Curriculum revitalisedDoes the concept of the job application need reassessing?
It seems like everywhere you look applicants are going off-piste with their job applications. News sites are awash with stories about people getting jobs by handing out CVs whilst riding unicorns, daubing their personal statement on Stonehenge or training otters to sing their praises at recruitment fairs.
OK, so those examples were made up. But there have been a number of creative thinkers – ish – using their initiative to move beyond the drear old resume. In the last few weeks we’ve had Renata Chunderbalsingh printing her CV on chocolate bar wrappers (pictured above), Josh Butler auctioning himself on eBay, Nina Mufleh creating an Airbnb profile and Alfred Ajani handed out flyers at Waterloo station.
Perhaps what we’re seeing here is indicative of a wider trend: that many people reckon the traditional job application route isn’t playing to their strengths. Not that all applicants agree: Hudson’s recent Talent Trend report highlights the perception that, across generations, job applicants still believe that CVs are the best means to apply for a job.
A whopping 81.7% of those questioned believed that Word-based or PDF CVs are most relevant for job applications in their sector.
Dr Tim Sparkes, practice lead at Hudson Talent Management, has mused on the survey. ‘While social channels, particularly LinkedIn, enable candidates to sell themselves, such tools are still quite rigid and could be described as simply an online CV,’ he tells us.
Sparkes thinks that creative job applications raise the issue of how companies can put out-dated recruitment methods to rest, instead creating channels that assess candidates better and portray a more forward-thinking image.
Gimmicky but successful
‘Games and competitions may sound gimmicky,’ Sparkes says. ‘But they’re proving to be anything but. America’s Army has been used to hire countless army personnel to the US army with a first person shooter game designed to determine if soldiering matches candidates’ needs, interests and abilities.’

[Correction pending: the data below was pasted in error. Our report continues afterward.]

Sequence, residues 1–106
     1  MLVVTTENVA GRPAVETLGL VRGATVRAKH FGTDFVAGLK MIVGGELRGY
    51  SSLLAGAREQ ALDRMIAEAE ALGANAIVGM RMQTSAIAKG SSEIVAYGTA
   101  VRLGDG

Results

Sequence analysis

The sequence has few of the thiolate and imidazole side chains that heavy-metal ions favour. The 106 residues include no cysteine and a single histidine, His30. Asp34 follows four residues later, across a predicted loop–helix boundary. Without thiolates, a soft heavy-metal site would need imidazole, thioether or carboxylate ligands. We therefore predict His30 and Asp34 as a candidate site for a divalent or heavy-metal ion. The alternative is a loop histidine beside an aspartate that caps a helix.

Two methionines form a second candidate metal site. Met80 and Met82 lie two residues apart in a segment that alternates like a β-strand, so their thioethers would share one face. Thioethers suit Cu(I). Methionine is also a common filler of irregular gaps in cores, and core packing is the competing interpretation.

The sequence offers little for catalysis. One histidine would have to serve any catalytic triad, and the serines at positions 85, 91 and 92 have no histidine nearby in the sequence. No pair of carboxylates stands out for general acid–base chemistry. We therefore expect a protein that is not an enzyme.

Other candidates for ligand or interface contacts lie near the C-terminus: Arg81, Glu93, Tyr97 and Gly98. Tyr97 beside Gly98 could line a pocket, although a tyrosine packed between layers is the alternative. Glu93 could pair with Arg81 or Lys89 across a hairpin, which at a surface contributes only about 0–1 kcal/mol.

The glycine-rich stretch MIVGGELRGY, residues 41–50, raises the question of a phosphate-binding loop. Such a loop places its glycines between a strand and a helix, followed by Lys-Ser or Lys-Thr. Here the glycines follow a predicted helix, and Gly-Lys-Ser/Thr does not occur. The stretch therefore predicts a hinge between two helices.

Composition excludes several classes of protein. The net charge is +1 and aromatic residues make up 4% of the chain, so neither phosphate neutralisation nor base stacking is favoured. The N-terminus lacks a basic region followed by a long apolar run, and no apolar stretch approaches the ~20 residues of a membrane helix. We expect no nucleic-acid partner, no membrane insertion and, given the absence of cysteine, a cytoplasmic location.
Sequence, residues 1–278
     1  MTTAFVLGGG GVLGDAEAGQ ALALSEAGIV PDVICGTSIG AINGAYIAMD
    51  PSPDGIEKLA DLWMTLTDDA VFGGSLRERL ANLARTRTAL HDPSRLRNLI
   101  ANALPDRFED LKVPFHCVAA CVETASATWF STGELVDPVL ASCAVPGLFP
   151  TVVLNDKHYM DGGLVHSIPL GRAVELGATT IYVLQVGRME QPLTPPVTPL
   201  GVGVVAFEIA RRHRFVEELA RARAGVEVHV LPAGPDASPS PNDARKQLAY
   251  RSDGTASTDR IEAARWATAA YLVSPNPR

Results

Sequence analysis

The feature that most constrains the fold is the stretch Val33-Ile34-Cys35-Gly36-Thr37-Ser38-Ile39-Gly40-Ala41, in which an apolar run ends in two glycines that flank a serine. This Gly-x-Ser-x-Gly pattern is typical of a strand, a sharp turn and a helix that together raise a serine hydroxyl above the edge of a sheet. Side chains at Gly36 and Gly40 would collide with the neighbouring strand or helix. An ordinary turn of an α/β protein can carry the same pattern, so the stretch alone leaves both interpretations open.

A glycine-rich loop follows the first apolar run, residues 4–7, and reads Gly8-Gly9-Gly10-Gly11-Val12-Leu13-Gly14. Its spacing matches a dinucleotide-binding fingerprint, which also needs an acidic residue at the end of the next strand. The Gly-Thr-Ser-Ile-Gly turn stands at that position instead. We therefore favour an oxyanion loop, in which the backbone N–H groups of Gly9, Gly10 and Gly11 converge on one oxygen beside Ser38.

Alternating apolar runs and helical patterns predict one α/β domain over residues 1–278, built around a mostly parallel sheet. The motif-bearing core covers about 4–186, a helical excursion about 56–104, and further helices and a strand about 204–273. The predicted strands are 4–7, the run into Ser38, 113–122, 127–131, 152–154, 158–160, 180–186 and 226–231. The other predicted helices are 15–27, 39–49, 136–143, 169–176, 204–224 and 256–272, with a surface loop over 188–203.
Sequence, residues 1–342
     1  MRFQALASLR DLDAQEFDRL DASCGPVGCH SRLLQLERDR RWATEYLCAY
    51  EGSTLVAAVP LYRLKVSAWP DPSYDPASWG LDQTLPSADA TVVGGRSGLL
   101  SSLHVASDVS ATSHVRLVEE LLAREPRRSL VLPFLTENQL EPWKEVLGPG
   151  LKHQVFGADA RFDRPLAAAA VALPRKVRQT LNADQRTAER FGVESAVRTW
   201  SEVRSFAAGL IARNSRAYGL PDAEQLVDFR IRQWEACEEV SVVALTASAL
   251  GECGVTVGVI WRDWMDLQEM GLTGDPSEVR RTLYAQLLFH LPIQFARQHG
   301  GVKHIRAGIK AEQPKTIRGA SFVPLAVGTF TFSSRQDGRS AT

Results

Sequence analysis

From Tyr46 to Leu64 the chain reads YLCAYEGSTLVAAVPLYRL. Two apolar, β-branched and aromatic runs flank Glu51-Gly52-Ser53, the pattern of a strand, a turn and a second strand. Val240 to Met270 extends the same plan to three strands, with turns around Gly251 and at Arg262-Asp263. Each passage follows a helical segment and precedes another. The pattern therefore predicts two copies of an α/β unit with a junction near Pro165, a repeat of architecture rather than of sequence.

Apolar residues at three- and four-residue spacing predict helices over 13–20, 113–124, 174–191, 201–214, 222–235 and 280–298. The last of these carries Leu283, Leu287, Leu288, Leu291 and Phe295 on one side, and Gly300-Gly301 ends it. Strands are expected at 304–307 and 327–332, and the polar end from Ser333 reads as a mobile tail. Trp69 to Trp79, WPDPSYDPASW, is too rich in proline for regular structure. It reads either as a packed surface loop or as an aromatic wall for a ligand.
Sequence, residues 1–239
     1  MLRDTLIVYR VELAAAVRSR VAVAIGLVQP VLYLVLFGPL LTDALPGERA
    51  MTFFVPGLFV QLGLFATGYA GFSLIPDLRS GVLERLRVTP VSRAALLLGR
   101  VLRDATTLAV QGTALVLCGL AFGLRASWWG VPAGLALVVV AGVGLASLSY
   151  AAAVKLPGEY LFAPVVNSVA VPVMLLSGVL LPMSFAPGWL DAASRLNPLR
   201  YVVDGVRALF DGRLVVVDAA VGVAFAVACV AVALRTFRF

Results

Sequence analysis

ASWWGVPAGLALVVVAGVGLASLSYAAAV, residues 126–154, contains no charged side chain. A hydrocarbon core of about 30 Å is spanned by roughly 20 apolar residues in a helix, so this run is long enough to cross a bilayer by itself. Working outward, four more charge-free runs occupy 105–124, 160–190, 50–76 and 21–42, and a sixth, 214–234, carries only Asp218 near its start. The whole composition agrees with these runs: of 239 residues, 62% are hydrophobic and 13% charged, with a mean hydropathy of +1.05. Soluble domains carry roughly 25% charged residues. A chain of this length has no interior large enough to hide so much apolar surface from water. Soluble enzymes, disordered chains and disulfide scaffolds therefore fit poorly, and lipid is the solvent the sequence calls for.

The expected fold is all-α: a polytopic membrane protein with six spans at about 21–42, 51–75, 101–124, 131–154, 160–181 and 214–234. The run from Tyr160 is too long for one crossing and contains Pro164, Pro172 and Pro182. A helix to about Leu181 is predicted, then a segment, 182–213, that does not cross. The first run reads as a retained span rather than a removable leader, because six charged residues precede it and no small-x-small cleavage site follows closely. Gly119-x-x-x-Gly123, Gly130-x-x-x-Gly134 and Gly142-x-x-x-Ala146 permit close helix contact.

He also cites L’Oreal’s Brandstorm, which encourages candidates to unleash their creativity to distribution channels, and the UK’s Secret Service online simulation, as other strong examples in a burgeoning genre.
But why are these methods proving successful? ‘Because they assess candidates in real-life scenarios. A CV measures candidates in a formulaic and linear fashion, and has the potential to rule out the best candidates – wrongly – during preliminary rounds of the recruitment process.’
Sparkes points out that while most companies are not in the position to invest heavily in recruitment technology, they can still use clever application tools to complement or even replace CV applications.
‘Companies should ask what qualities they’d like to see in their dream candidate and work backwards to find suitable means to assess them,’ says Sparkes. ‘If you’re looking for a maths whizz, design a puzzle using real-life challenges. If you want a candidate with oodles of creativity, consider an open brief encouraging the candidate to ‘impress you’.’
(Which reminds us of the old story about an Oxford University candidate being told to ‘Surprise me‘ by a newspaper-reading don at his entrance interview.)
Put simply, says Sparkes, give candidates the freedom to demonstrate their skills, rather than just listing them. ‘This will allow for a more accurate assessment of their suitability, and differentiate prospective talent, far better than you’ll find on an A4 piece of paper.’